"There would be periodic bursts of activity from Redwood Shores [Oracle's headquarters], where we would be reminded that there was a global hymn sheet and we had all to sing from it," said the former Oracle executive.
"In the UK, we were struggling with the hangover from the poll tax applications mess. That was a totally local issue and not something that California was going to help us deal with. Meanwhile, we're being reminded 'think global'. It was at best something of a distraction," he continued.
"There's nothing wrong with thinking global and acting local as the clich‚ goes, but the danger comes when the so-called global vision is just too California in flavour. The other big issue, of course, was the fact that they couldn't co-ordinate activities on a global basis. There was an attempt to unify all the public relations activities under one US company, for example, which lasted about five minutes before being scrapped."
The net effect
In recent times, a new and significant factor has been added to the equation, which has enabled Oracle to put its globalisation ambitions into practice far more effectively than ever before. The company's decision to "eat its own dog food" by turning itself into an internet-based ebusiness has enabled it to pull vast tranches of decision-making and administrative power back to Redwood shores.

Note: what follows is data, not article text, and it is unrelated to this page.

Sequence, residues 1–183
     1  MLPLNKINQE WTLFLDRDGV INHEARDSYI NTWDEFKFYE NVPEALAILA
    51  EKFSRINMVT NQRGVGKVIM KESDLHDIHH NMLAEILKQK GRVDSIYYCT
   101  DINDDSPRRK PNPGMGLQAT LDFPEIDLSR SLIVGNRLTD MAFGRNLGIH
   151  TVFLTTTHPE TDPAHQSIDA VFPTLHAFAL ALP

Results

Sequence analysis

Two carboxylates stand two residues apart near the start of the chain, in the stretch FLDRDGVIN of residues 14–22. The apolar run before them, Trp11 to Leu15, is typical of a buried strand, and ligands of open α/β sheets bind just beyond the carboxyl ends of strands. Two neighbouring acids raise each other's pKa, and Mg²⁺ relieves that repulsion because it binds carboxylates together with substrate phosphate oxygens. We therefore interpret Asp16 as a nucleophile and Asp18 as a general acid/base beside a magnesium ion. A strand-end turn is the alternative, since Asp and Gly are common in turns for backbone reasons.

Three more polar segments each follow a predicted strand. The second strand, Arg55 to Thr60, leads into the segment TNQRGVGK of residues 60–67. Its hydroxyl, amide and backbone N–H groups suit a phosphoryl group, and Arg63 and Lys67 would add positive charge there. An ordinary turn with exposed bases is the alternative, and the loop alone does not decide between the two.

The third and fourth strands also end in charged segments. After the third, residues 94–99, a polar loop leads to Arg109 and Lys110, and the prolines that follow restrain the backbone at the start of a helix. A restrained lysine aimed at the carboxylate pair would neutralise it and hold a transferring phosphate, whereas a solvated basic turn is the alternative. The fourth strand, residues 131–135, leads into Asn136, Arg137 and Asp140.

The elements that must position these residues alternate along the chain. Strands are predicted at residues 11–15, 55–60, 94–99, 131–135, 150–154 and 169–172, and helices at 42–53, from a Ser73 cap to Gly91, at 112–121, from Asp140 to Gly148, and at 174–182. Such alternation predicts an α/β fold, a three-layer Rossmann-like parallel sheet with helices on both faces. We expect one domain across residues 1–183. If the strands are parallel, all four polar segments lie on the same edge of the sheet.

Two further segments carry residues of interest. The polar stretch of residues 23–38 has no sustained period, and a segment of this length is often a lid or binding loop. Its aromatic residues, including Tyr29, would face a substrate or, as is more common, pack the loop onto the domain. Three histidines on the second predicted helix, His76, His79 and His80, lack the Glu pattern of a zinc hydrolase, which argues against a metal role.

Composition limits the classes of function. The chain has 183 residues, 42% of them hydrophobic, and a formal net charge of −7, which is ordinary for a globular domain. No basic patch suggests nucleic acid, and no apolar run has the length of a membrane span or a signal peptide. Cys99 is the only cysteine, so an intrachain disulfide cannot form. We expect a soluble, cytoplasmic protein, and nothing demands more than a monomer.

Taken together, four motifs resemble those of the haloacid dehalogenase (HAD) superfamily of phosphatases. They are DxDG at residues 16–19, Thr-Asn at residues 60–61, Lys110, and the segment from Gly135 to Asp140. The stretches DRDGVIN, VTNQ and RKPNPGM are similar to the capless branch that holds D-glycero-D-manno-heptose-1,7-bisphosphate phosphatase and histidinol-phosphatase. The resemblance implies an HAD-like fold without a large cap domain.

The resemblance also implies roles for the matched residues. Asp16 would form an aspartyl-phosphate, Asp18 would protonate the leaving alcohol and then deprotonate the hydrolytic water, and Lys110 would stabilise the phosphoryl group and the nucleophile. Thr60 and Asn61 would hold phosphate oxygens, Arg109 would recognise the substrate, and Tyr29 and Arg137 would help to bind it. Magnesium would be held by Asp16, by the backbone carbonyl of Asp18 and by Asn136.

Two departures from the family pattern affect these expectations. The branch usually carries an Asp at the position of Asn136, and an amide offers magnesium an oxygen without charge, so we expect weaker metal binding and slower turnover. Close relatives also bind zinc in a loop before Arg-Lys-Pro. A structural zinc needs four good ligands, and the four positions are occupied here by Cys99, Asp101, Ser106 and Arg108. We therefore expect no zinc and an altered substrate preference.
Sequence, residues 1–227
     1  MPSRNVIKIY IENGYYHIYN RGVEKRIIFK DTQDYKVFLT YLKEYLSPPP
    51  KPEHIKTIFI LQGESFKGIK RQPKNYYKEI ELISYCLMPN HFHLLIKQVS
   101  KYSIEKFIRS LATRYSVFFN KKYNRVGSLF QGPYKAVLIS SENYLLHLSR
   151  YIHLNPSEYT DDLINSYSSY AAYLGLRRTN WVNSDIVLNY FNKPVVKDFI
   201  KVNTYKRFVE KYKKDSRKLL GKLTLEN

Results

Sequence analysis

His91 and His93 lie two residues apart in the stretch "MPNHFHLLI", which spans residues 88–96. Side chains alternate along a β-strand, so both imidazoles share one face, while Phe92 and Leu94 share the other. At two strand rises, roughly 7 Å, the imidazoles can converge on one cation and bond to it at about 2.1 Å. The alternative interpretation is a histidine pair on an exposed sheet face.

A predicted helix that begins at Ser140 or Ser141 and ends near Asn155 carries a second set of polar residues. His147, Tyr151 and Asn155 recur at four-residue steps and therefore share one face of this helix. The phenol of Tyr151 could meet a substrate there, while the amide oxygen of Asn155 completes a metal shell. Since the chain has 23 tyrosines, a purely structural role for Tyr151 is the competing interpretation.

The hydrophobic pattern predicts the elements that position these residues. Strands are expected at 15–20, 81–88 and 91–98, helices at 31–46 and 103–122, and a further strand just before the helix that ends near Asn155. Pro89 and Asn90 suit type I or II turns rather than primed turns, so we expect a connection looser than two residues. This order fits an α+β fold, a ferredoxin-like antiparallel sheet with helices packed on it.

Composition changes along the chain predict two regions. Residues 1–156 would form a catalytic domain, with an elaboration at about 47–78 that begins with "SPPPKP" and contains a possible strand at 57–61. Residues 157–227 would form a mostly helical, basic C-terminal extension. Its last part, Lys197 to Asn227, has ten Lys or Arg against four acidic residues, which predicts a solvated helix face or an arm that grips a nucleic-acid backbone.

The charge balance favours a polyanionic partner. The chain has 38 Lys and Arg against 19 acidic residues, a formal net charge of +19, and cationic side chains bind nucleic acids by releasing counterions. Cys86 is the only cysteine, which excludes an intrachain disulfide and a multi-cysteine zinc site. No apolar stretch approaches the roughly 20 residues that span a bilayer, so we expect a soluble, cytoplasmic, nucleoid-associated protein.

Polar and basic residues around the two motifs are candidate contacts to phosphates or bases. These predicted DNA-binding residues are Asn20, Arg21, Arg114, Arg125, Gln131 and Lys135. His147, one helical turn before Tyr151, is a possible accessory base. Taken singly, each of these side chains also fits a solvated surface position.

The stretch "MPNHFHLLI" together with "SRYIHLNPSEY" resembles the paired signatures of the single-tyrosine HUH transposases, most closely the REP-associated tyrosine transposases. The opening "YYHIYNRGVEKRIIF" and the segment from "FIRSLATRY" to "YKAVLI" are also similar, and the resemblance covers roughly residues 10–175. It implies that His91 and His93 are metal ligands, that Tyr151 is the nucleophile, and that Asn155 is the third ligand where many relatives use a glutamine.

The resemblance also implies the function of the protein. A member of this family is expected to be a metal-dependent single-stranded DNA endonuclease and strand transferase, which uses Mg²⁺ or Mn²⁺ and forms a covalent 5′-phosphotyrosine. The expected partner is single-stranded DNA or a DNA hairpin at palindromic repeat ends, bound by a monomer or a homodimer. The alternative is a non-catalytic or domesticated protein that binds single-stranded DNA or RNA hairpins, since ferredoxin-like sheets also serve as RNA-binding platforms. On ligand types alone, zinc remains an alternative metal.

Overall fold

Across Europe, every national data centre has been closed and their operations consolidated into one vast super-centre in California. Each of Oracle's 70 country operations have lost their own computing systems as the supplier consolidated an estimated 2000 servers around the world into just 158 machines based at headquarters.
Public endorsement of the strategy across Europe was reportedly matched by an internal 'not in my back yard' resistance. Oracle chief executive Larry Ellison's response was to allow European country managers to keep their own systems, but only if they bore the entire cost in their own national budgets.
This brought an end to the resistance problem. Cost efficiencies of about $1bn to date was one official reason for the move, with the ability to monitor any possible problems occurring internationally, another.
But Ellison let slip another reason, perhaps, when he told BusinessWeek magazine: "When you're an ebusiness, everything is mediated by computers. All the individuality is bled out of the system and replaced by standards. People don't run their own show anymore." Undoubtedly, however, some people do not like not running their own shows.
All change at the top
In the UK, the company lost Phil Crawford, its high-profile head who very much his own man, amid speculation about tensions between him and Falotti. But now Falotti has gone himself. He is to be replaced by Sergio Giacoletto, who is currently head of consulting in Oracle Europe.